European Union foreign ministers met at a virtual conference earlier this week, as they tried to reassess their options while Russia continues to build up its military presence at the Ukrainian border. The West has struggled to adequately counter recent actions by Moscow, including the treatment of jailed Russian opposition leader Alexei Navalny. The EU’s top diplomat, Josep Borrell, said ahead of the meeting: “All in all, the relations with Russia are not improving, but the contrary; the tension is increasing on different fronts.
“We call on Russia to withdraw their troops.”
Mr Borrell said Russia had built up a troop presence on the Ukraine border and in annexed Crimea.
He added: “It is more than 150,000 Russian troops massing on the Ukrainian borders and in Crimea. The risk of further escalation is evident.”
The US Pentagon said that the military buildup was greater than the one during 2014, and it was not clear whether it was for training purposes.
Mr Borrell confirmed that for the time being, no sanctions or expulsions of Russian diplomats had been planned but he did not rule them out.
As fears of a major conflict in Ukraine mount, a letter written by former President of the European Commission, Jean-Claude Juncker, to Russian President Vladimir Putin has resurfaced.
In 2018, Mr Juncker came under fire for congratulating the Russian President on his reelection as Britain blamed Moscow for a deadly toxin attack.
Mr Juncker wrote to Putin, pledging to “always be a partner” in improving security cooperation with the Kremlin.
He added in the letter, which he shared on Twitter: “I have always argued that positive relations between the European Union and Russian Federation are crucial to the security of our continent.
“Our common objective should be to re-establish a cooperative pan-European security order.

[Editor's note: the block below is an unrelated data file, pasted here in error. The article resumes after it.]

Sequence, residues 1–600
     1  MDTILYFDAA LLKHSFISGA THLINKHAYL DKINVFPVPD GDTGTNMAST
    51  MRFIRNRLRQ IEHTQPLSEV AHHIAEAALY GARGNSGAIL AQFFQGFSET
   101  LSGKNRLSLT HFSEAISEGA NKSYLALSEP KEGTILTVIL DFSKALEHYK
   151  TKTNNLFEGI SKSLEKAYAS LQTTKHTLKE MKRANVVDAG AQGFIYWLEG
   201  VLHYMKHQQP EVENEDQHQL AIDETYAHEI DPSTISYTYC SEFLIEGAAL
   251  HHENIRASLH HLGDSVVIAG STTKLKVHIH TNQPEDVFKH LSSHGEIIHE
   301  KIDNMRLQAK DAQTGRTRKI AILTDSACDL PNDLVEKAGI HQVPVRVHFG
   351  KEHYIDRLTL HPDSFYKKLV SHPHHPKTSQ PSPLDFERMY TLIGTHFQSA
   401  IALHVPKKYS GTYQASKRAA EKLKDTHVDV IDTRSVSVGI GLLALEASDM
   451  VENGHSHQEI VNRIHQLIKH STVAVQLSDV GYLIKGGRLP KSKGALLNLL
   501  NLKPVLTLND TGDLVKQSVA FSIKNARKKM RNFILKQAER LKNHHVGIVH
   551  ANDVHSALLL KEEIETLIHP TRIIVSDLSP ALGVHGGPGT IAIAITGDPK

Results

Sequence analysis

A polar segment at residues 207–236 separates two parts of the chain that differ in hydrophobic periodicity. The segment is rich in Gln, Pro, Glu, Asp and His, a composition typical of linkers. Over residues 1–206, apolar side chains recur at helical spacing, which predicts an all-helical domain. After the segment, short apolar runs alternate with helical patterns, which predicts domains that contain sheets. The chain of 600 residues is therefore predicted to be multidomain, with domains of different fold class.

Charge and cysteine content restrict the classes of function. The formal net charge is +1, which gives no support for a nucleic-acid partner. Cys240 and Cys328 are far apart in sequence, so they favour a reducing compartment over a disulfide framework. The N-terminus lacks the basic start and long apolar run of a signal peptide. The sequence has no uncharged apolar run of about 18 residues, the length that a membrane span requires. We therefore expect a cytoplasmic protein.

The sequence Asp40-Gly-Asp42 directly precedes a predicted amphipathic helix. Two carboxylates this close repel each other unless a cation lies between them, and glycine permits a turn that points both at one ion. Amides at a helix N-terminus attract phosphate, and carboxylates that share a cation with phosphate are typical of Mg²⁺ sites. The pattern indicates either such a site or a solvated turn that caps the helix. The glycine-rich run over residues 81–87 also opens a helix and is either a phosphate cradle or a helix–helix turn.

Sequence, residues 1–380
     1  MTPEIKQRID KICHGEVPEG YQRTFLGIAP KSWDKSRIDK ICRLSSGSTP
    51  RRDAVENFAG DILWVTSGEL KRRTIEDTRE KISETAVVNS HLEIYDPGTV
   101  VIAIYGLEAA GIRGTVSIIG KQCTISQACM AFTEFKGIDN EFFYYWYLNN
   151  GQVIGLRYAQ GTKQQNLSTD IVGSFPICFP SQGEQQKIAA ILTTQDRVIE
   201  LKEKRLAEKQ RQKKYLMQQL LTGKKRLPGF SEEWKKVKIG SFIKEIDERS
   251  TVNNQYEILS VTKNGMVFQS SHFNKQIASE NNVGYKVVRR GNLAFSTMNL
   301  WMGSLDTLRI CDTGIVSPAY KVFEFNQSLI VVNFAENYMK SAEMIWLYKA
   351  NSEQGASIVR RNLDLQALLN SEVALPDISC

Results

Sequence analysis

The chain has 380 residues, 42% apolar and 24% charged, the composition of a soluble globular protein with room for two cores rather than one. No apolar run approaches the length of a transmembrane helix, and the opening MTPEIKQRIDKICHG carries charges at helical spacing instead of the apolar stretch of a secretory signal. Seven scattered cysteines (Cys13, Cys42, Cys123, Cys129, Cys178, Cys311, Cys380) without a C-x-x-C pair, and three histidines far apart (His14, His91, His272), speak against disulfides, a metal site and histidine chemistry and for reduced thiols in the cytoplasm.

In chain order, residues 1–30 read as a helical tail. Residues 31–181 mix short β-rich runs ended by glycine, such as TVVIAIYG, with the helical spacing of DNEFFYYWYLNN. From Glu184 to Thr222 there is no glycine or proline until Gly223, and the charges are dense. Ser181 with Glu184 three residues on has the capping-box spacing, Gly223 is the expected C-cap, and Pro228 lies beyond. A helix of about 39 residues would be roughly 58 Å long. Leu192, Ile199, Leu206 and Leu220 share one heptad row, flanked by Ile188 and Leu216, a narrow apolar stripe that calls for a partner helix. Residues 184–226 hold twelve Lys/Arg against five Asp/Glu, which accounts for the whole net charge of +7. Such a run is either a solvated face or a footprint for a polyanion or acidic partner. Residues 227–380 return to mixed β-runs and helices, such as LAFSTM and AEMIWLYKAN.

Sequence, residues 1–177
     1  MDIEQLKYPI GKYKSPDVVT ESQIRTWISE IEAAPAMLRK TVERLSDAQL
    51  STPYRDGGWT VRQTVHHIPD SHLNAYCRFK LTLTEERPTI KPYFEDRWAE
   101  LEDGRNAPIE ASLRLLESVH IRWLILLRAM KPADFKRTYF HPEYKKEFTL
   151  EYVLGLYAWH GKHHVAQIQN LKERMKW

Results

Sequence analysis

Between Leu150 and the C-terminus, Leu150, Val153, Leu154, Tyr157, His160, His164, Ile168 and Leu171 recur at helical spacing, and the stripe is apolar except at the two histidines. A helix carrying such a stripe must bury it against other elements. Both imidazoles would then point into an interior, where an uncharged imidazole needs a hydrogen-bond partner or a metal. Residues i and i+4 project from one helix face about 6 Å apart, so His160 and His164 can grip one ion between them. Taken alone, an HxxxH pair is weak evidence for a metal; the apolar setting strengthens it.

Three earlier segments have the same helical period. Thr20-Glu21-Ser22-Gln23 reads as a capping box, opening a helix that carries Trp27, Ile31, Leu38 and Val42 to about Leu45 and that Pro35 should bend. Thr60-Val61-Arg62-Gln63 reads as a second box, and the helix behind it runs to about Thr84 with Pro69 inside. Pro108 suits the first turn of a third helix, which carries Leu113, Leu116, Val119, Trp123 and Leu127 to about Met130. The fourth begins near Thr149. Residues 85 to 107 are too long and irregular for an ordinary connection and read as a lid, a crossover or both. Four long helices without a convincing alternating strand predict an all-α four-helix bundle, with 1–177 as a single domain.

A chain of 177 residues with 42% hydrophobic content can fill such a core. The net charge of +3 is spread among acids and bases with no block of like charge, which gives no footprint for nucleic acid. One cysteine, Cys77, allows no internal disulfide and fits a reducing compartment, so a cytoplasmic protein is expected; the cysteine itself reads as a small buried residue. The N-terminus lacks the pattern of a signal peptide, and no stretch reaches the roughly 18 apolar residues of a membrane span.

“I hope that you will use your fourth term in office to pursue this goal.
“I will always be a partner in this endeavour.”
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Mr Juncker published the letter just a day after EU foreign ministers offered Britain “unqualified solidarity” in a dispute with Russia.
At the time, former Prime Minister Theresa May announced her Government believed Moscow was behind the poisoning of former double agent Sergei Skripal in the English city of Salisbury using a Soviet-designed nerve agent.
The former head of the Conservative Party group in the European Parliament said that with his letter Mr Juncker was effectively “appeasing a man who poses a clear threat to western security”.
Former MEP Ashley Fox wrote in a statement: “This is a disgraceful letter from Jean-Claude Juncker.
“His failure to mention Russia’s responsibility for a military nerve agent attack on innocent people in my constituency is nauseating.”
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The then-European Parliament’s Brexit coordinator Guy Verhofstadt also joined the criticism, saying on Twitter “this is no time for congratulations”.
The former Belgian leader insisted that ties with Russia “must be conditional on respect for the rules based international order”.
Former European Council President Donald Tusk also did not congratulate Putin.
An EU official said: “President Tusk has not sent such a letter and I would not be surprised if he doesn’t send it at all.”